The chancellor of the exchequer, Rishi Sunak, delivered what used to be called the Budget, but is now known as the Spring Statement, to parliament on Wednesday (we get the Budget in the autumn instead). It made for depressing listening. The biggest drop in household incomes on record. The biggest tax burden in 70 years. And no comfort for those on the very lowest incomes – pensioners, those who can’t work due to ill-health, disability or caring responsibilities, those whose income was already below the national insurance threshold – who face huge price rises for the basics, food and energy bills, as inflation soars towards 8%.
I really don’t think the chancellor gets the despair and fear these families will be feeling. Even some Conservative MPs expressed alarm at how little the announcement will do for those who are struggling the most.
Also depressing was the latest stage in the progress of the Nationality and Borders bill, on which we had 13 votes on Tuesday afternoon (it should have been 14, but we didn’t shout ‘No’ loudly enough on one of the votes, and so the government was able to slip it through. And even only 13 votes took more than 3 hours to count as we trooped in and out of the voting lobbies; there has to be a better way to do this!).
The bill is a mix of unworkable and in some cases downright nasty provisions, from a nonsense idea that asylum seekers would be sent to an offshore processing centre to make their applications (Australia tried this, it’s ridiculously expensive, and no other country is willing to host a processing centre for us anyway) to criminal penalties for those who arrive here without the right papers – even if they’re fleeing war. I know the government think acting tough on refugees is popular with the public, but the solidarity people have shown to Ukrainians in recent weeks tells me ministers are misreading the public mood. There was one small ray of hope that they might reconsider the ban on asylum-seekers being able to take up work while they wait for their applications to be processed. This has cross-party support, and I hope we will see some concession on this as the bill makes its way back through the House of Lords.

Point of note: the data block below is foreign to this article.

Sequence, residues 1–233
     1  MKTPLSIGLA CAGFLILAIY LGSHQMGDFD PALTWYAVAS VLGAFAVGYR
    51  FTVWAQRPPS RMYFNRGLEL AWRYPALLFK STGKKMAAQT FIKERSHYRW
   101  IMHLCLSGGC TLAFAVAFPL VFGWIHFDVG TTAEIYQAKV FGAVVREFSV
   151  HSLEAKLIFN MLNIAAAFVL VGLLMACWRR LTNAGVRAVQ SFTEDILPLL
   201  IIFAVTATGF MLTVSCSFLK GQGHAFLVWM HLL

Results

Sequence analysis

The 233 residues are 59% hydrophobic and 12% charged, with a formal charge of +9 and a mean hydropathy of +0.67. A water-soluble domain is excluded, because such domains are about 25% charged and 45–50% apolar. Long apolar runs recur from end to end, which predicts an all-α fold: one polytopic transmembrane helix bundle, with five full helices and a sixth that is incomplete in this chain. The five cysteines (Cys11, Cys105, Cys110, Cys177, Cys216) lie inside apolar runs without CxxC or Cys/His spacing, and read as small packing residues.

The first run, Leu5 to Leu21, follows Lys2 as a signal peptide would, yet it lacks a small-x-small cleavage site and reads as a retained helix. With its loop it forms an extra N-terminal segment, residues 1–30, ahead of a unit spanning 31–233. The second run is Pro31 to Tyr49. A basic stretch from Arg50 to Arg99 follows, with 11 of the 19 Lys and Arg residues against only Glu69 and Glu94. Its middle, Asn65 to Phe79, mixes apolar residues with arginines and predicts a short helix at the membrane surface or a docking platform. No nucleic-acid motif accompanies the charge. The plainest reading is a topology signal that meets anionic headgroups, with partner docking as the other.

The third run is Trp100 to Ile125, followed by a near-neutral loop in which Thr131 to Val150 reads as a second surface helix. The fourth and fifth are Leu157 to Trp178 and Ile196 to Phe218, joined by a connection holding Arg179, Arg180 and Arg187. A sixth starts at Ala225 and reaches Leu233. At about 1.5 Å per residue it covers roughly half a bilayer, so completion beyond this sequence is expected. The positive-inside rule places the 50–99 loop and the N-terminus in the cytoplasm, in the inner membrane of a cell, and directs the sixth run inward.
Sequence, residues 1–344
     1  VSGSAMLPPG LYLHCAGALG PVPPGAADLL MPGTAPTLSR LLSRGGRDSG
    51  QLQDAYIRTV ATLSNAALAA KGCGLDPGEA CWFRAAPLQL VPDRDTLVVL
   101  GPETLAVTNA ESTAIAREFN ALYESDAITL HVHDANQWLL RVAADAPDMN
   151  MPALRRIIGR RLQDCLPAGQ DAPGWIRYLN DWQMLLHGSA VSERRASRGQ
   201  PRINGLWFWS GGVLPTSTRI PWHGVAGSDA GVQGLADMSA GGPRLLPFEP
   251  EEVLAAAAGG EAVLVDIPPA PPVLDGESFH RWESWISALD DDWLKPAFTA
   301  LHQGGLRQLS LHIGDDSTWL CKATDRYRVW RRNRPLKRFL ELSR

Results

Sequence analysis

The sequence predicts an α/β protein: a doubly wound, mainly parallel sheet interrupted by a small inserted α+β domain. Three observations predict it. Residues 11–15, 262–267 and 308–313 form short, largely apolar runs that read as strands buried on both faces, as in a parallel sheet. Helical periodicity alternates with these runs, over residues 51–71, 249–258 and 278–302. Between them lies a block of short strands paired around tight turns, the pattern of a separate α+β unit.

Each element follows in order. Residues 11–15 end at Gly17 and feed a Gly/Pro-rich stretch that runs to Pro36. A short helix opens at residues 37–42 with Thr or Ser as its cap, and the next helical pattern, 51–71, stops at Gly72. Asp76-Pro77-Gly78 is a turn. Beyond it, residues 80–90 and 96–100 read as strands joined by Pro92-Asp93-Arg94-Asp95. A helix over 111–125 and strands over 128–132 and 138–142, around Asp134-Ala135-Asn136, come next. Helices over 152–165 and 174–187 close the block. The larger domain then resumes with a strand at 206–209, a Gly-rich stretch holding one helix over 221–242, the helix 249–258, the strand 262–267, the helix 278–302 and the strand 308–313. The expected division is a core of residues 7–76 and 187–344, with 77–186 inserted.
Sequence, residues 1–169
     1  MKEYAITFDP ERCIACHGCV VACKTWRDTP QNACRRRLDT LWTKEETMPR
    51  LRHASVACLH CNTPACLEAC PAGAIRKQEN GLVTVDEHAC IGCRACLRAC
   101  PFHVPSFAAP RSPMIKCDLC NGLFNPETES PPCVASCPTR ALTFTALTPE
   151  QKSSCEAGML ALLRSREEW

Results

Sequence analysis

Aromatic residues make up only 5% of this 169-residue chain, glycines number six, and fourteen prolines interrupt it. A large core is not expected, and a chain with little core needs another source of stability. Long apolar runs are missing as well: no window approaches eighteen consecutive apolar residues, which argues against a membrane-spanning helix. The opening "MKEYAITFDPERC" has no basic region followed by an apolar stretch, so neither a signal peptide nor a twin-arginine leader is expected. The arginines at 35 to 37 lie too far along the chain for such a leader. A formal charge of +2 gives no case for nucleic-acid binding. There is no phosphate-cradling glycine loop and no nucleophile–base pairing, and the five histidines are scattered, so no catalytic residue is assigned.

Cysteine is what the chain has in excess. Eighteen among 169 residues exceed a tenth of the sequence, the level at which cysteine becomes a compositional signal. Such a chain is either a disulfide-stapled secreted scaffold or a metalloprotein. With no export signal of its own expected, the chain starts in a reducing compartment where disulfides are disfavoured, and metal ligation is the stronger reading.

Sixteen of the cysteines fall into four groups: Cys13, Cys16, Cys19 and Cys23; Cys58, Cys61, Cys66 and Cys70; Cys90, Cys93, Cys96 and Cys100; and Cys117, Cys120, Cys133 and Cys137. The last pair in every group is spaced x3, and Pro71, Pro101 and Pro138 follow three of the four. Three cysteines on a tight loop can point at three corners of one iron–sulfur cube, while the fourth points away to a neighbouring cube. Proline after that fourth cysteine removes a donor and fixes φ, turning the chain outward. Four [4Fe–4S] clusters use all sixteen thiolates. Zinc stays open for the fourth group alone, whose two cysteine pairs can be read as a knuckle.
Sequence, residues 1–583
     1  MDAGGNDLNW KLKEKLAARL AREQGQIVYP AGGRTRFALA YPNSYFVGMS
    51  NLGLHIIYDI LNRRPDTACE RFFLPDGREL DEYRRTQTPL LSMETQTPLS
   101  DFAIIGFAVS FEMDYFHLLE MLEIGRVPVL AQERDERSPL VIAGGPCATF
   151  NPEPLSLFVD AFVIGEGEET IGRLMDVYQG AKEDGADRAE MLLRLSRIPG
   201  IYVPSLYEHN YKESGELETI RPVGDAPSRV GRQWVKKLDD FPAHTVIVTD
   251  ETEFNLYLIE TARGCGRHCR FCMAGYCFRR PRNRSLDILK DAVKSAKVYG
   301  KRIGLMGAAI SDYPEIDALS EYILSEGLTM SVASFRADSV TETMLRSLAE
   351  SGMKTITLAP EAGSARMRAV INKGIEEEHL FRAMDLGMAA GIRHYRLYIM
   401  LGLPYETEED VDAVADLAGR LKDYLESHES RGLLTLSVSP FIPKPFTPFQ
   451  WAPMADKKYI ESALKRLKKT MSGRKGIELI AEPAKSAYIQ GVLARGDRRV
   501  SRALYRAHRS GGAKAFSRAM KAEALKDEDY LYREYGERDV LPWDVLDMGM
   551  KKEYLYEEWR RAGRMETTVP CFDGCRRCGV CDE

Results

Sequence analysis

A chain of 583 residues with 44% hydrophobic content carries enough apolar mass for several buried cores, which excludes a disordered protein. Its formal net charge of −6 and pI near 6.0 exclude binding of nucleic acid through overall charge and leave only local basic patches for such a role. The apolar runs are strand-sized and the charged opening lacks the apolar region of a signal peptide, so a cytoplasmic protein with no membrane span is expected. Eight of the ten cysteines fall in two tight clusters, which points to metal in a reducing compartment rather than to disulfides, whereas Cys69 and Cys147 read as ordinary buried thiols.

In between the endless voting, I have been able to attend some really interesting events this week. The public accounts committee, of which I’m a member, held a fascinating session on university finances. I attended a very informative (and very depressing) briefing on the teaching of reading in prisons (many prisoners have levels of literacy below that of a young child). And I was very pleased to accompany my colleague Yasmin Qureshi MP to make an application to the backbench business committee for time for a debate on the Srebrenica genocide. As we approach its 27th anniversary, the situation in the Balkans is once more looking very dangerous, with a resurgence in Serbian nationalism. Yasmin I were pleased to have the unanimous support of the committee for our application for a debate.
A big thank you to two schools who hosted me last Friday. The Orchards special school in Urmston is doing amazing work with disabled children, and it was great to meet some of the pupils and see the facilities the school can provide. And it is always a pleasure to meet the politics students at Loreto, who, as usual, raised a very challenging range of issues, from student funding to food security to the situation in Palestine. Thank you for inviting me!
My constituent Joan, who lives in Stretford, will be 100 next month. She has amazing memories of local history and of election campaigns going right back to the 1930s. To mark her birthday, we are making a documentary about her life, which we will be screening publicly in the next few weeks. We’re very grateful to professional photographer and film-maker Simon Buckley, who is donating his time, but we are raising money to help with production and editing costs. We’d be delighted for any support you can give to this once-in-a-lifetime project. Click here for more information and to donate.